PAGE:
Steering clear: The drive for a better future

Valid drivers license

by Judge Renee DiSalvo, Youngstown Municipal Court


This week, Big Ideas had the honor of sitting down with Judge Renee DiSalvo of the Youngstown Municipal Court to talk about her work removing barriers like suspended drivers’ licenses for Mahoning County residents. Judge DiSalvo was appointed to the bench in November of 2018 and won the 2019 election to serve the term beginning January 1, 2020. Since taking the bench, she’s accomplished much for the Court and community, including developing her much-needed and deeply impactful “Steering Clear Clinic” to help individuals obtain a valid drivers’ license to maximize self-sufficiency and economic well-being. Barriers to driving legally are a major hurdle for many low-income and working poor Americans. Recent reports suggest over one million Ohioans have their licenses suspended. 




CLA: Judge, thank you so much for taking the time to speak with us today. Many of our volunteer attorneys know about your Steering Clear Clinic because they help out. But many of our readers may not. Tell us the basics of this clinic and how it came to be. 


Judge: Absolutely. When I took the bench, the Judge I replaced had the SLIP court in place. SLIP stands for Suspended License Intervention Program. From my days as defense counsel, I had practiced in this court. Defendants struggling with a suspended license (and often a cycle of license suspensions) could enroll in SLIP court and learn why suspensions happen and how valid licenses can be obtained. If they could become valid, any tickets picked up would be dismissed. It was, and still is, very impactful.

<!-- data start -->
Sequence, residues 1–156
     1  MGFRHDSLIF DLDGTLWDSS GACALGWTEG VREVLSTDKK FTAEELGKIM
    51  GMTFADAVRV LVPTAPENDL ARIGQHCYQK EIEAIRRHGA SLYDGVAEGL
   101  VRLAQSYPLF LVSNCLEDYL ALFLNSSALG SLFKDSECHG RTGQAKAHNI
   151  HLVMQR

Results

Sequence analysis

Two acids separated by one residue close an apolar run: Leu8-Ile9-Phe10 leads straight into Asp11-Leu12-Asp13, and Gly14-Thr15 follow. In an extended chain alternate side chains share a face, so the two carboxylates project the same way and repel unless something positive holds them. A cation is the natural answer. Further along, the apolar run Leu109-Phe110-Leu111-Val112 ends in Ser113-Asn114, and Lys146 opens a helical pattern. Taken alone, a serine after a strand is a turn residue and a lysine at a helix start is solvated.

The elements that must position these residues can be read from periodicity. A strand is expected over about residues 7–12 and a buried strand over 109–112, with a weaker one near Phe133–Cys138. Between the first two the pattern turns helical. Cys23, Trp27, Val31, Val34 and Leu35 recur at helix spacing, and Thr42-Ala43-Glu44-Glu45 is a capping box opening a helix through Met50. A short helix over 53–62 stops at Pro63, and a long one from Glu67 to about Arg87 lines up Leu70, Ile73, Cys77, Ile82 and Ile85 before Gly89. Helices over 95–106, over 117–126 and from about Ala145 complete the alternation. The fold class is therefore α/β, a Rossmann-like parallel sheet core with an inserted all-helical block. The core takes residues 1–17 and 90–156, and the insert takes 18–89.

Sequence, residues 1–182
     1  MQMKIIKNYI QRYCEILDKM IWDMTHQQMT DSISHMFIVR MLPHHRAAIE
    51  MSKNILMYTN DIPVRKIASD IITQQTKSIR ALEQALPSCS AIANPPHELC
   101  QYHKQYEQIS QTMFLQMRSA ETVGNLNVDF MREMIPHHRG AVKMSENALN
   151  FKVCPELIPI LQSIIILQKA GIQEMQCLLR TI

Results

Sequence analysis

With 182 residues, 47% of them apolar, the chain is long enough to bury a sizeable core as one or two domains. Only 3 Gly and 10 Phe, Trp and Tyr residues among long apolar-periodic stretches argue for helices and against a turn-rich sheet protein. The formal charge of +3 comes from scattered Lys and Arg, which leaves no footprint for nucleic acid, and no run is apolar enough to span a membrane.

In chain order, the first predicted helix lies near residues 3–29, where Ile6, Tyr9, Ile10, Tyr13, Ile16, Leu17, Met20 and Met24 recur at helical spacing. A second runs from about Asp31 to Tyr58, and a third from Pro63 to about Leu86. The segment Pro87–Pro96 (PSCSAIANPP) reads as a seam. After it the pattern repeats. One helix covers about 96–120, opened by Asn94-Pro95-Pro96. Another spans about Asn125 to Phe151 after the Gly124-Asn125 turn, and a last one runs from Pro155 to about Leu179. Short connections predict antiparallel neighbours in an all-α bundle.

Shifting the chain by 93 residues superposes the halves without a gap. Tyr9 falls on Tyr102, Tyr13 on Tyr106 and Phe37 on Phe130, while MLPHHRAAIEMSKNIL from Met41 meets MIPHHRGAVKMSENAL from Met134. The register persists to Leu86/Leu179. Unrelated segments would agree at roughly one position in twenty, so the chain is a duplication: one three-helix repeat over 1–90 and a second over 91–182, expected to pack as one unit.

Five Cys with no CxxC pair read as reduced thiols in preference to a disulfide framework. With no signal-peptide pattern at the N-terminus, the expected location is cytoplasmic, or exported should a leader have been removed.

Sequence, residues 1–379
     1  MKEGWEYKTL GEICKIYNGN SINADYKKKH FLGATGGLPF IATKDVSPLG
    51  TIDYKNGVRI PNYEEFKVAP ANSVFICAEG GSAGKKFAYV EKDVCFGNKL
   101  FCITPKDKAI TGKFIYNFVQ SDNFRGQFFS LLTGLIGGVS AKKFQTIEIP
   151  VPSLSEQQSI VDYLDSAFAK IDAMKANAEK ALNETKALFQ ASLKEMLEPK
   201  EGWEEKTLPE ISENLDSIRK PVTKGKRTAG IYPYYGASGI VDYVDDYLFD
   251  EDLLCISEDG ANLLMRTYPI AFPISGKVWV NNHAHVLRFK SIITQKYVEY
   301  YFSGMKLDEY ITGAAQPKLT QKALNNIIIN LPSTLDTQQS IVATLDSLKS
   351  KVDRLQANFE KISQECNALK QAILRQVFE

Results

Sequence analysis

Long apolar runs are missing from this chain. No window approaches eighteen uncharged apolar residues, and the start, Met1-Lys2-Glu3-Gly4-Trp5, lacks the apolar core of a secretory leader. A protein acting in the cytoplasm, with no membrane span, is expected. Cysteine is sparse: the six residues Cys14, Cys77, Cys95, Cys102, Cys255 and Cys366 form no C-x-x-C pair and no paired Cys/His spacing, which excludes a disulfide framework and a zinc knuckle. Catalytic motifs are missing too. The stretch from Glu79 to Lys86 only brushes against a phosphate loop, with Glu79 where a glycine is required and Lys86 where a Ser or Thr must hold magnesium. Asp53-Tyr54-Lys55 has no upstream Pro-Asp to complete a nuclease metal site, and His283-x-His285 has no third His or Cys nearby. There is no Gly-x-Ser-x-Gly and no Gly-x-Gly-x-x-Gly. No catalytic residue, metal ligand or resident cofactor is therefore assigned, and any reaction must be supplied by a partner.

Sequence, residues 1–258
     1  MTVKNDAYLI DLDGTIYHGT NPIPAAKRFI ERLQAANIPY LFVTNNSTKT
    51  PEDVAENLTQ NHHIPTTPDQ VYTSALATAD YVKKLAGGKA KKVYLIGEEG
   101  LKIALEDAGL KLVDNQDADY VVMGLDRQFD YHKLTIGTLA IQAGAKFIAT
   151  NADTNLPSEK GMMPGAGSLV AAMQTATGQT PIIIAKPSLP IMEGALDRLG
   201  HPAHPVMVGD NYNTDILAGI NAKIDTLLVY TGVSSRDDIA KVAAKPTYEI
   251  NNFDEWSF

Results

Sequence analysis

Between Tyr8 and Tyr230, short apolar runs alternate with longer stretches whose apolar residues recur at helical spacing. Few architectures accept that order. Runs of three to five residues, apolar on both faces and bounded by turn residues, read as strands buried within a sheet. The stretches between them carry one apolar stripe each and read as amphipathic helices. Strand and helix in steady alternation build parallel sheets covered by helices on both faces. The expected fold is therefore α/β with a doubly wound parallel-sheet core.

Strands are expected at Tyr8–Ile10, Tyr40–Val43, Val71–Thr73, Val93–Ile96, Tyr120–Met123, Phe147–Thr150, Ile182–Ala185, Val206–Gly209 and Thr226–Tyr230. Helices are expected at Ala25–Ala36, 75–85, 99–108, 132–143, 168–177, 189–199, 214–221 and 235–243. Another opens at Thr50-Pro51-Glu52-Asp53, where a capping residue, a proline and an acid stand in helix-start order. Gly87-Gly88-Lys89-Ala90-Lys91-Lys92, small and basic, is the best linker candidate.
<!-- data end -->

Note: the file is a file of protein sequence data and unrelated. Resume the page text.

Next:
When I took the bench, I expanded the SLIP court so more people could qualify. Again, as defense counsel, I saw firsthand that one of the biggest hindrances to my clients was not having a license. This means no way to get to a job, no way to get to interviews, no way to take the kids to school or daycare.


Soon after expanding SLIP court, I heard about a clinic another local Judge was holding for their community. I thought - let me try that here. We need this in Youngstown too. My new clinic, now called the Steering Clear Clinic, was another expansion on SLIP. 


The Steering Clear Clinic is open to the public - so all those who need help but aren’t necessarily involved in the court system can now access assistance. We got the BMV involved, we collaborated with the other municipal courts in Mahoning County, and we garnered support from attorneys who would be on-site to advise attendees on how to clean up warrant blocks or other issues preventing them from getting a valid license. Participants sit down with an attorney and have them review their driving records. They find out what they need to do to restore their license. 


We had over 200 people show up at the first one. This was about four years ago. It was slated to be an all day event - super successful but also crazy. We knew we wanted and needed to have another, but we needed to find ways to limit size and scope while also gradually reaching everyone in need. Over time, we’ve evolved our model. Today, we hold the clinic in varying spots around the city. We have been very fortunate with churches donating their space. All our locations are on the bus line, and we try to limit it to around 50 people. Clinics run roughly every other month from April through October or November. 


CLA: What are some common issues your clinic participants are facing?